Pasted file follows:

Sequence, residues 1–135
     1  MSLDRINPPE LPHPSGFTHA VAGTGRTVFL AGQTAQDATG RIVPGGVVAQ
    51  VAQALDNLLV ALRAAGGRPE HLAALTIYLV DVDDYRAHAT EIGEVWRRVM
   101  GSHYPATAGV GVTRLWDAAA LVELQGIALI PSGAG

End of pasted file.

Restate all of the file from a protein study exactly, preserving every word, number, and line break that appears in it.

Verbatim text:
Sequence, residues 1–135
     1  MSLDRINPPE LPHPSGFTHA VAGTGRTVFL AGQTAQDATG RIVPGGVVAQ
    51  VAQALDNLLV ALRAAGGRPE HLAALTIYLV DVDDYRAHAT EIGEVWRRVM
   101  GSHYPATAGV GVTRLWDAAA LVELQGIALI PSGAG